One of the more obvious changes is to Cortana. With a new search box in Windows 10, Cortana is being relegated to a separate app updated from the Microsoft Store. It’s getting a new focus — less for consumers, and more for business users. Currently it supports lists and reminders, assisting with email and calendars, and launching apps. Its search features are now handled by Windows, although it will soon add support for voice-driven quick searches. Microsoft showed a video of its vision for what the new Cortana could be at Build in 2019, with support for continuous conversations and deep integration with Microsoft 365 services. It’s not there yet, but it’s certainly on the way. Local search in File Explorer gets a boost too, with Windows Search providing faster access to your files. It’s now able to provide spell-checking and uses less CPU.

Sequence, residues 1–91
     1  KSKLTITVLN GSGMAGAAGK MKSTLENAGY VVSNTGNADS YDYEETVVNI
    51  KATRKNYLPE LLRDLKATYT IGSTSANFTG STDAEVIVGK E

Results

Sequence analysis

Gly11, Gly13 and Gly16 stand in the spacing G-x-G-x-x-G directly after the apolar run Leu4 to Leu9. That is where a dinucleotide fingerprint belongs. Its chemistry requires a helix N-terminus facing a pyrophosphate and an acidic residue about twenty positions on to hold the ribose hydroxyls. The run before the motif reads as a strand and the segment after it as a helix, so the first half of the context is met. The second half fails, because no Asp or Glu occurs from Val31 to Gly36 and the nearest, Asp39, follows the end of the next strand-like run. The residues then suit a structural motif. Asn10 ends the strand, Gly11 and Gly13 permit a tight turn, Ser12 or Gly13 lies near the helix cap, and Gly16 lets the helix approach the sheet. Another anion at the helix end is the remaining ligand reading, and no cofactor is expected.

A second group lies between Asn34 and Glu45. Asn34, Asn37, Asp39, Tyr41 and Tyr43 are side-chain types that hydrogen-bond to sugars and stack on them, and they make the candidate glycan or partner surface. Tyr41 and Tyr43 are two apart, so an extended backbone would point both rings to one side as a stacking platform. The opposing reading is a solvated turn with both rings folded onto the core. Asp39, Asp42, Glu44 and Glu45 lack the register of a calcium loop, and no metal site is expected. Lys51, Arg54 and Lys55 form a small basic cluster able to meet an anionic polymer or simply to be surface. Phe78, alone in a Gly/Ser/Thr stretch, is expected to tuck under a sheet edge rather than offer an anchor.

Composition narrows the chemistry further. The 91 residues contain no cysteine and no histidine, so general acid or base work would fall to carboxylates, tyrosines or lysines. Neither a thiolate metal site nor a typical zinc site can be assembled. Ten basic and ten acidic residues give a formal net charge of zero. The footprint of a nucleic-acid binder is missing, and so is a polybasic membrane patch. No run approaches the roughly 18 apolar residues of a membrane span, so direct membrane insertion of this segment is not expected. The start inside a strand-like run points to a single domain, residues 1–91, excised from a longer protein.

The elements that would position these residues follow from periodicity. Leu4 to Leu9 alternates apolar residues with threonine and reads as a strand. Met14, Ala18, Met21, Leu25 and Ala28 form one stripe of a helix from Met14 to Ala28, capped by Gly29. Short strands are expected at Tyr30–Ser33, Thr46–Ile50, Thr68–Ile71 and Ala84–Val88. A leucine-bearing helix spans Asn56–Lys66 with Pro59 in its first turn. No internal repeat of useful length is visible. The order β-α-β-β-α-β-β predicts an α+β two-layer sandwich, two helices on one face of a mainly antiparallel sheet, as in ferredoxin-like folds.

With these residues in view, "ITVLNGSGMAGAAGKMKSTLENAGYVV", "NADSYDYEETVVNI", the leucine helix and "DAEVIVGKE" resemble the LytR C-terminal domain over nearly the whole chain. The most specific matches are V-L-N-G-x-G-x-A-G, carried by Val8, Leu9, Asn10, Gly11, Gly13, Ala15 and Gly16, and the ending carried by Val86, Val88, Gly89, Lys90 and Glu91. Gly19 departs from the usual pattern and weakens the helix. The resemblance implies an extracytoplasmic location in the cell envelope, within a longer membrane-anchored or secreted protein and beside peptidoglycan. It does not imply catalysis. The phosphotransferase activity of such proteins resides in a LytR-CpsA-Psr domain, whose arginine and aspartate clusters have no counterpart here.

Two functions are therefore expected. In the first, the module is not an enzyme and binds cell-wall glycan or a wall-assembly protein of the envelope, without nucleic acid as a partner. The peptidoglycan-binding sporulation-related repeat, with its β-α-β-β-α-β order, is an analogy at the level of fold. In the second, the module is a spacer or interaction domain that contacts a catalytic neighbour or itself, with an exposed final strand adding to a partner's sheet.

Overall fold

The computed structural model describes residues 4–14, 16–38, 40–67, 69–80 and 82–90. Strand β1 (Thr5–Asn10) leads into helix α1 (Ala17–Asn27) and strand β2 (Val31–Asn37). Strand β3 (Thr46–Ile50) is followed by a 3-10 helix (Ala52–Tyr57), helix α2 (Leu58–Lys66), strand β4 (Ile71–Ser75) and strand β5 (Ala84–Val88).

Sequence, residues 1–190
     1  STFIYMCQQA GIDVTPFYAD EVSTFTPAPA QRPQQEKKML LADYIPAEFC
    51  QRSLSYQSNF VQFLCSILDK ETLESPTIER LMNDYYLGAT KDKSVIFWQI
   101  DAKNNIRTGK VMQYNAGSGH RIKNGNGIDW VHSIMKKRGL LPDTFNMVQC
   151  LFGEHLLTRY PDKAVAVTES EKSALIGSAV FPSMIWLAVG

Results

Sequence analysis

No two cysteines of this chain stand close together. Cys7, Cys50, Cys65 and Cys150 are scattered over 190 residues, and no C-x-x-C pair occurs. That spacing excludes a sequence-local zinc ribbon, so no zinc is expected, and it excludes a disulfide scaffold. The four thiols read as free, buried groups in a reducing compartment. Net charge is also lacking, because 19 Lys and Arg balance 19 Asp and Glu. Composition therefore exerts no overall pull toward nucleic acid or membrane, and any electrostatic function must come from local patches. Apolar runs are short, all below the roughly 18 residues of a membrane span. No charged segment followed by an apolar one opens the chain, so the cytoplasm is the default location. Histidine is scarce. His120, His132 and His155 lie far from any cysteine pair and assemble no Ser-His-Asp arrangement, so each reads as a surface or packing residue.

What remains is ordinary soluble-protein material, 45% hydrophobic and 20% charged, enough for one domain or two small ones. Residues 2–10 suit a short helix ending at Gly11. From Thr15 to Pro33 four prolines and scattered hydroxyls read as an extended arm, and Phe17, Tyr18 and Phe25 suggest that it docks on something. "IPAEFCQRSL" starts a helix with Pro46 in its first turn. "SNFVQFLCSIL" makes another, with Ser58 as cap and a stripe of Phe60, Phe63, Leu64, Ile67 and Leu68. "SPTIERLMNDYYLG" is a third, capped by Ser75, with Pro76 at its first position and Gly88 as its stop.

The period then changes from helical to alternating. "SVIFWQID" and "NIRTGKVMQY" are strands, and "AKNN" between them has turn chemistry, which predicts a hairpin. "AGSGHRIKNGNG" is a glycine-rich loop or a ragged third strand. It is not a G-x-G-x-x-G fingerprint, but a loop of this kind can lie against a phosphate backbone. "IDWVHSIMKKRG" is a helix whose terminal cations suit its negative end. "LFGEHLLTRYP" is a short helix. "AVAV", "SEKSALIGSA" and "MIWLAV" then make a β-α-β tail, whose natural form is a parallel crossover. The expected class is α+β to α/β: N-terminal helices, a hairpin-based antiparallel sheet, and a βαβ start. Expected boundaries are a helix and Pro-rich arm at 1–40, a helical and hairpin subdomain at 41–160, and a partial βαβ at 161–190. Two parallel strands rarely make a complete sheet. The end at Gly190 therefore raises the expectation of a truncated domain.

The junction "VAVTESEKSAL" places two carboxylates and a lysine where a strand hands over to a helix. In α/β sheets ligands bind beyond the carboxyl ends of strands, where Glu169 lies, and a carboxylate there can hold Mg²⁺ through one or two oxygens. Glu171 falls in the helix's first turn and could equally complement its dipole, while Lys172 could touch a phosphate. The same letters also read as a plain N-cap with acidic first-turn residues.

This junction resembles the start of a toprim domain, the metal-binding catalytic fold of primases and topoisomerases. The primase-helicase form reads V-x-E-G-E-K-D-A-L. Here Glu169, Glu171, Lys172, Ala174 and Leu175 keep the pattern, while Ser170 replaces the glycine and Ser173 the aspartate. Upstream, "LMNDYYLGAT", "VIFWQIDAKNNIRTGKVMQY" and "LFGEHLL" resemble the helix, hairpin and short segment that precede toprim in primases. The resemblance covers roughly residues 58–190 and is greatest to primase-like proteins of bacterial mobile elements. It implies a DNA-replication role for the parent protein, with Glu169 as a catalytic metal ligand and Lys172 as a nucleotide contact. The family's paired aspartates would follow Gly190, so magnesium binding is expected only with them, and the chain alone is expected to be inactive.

Microsoft has been adding more and more natural language tooling to Windows 10, branching out from Cortana, and it now supports dictation across many common languages, including English, French, German, Italian, Spanish, Brazilian Portuguese, and Chinese. This works in any text field, although you may need to download the appropriate speech resources to use the feature. It’s easy enough to use: click in a text box and press WIN + H.
There’s a lot in the next Windows release, and we’re only scraping the top of the list of features. What’s clear after having run the current build on both Intel and ARM devices is that Microsoft has done a lot to work on the stability of its flagship OS, at the same time as adding many new features and improvements. As its long incubation period comes to an end, it looks as though 2004 could be one of the most trouble-free Windows 10 updates yet.